Source : Khaleej Times
JEDDAH — Jul 31: Far from being marginalised or subordinate to men, Saudi women are dynamic, according to Princess Dima bint Turki bin Abdul Aziz.
"In the West, there is a perception that Saudi women are totally dominated by men in all spheres of life and therefore not equal to men socially and economically. It is also thought that they are protected by a combination of strict Islamic laws which have militated against progress in Saudi women’s education and employment," Princess Dima said in her address to the Talberg World Forum in Sweden recently.
"But," the Princess said, "I can assure you that the reverse is true: that Islam embraces the contributions which women are able to make. Where women in Muslim societies have been unable to hold significant positions in the labour market, the reason for this is to be found in culture rather than religion."
She stressed that women in Saudi Arabia are willing and able to take on challenges that have arisen over the past few decades and are able to achieve success in several areas of public and social life. Princess Dima said that as per 2005 official government statistics, 56 per cent of all the university graduates in the kingdom were female and 31 per cent of all managers and directors were women. It is estimated that around 40 per cent of Saudi private wealth is in female hands. In Riyadh, women own 25 per cent of real estate and in Jeddah 45 per cent. Women hold positions as deans of colleges and universities, CEOs and IT experts and 40 per cent of Saudi medical doctors are female. There are several Saudi women artists, photographers, film-makers, journalists, writers and fashion designers who have achieved positive critical acclaim both at home and abroad. "It is, of course, necessary to consider these achievements in some historical context and be aware of how limited the opportunities in education and employment were for Saudi women just one generation ago," she said.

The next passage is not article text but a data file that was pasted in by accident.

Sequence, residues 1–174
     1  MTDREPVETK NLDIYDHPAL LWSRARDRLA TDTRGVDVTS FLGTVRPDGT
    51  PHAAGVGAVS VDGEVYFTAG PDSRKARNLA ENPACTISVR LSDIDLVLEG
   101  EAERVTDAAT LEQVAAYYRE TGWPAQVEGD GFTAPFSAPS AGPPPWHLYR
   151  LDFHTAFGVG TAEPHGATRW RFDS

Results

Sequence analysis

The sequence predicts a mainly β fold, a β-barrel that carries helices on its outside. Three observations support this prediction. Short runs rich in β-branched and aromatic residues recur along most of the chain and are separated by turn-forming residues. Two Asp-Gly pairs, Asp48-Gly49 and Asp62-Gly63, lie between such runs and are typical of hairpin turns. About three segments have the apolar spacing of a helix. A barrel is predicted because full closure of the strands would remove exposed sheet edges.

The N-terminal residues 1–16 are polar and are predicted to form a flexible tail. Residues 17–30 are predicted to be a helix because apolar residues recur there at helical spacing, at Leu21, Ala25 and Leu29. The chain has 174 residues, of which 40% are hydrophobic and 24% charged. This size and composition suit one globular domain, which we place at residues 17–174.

After the first Gulf War, some economic restructuring was necessary and as a part of this restructuring there was an increase in the funding for women’s education which explains the increasing number of female graduates. The steep rise in population has led to greater competition in Saudi society making employment outside the home a financial necessity for some women.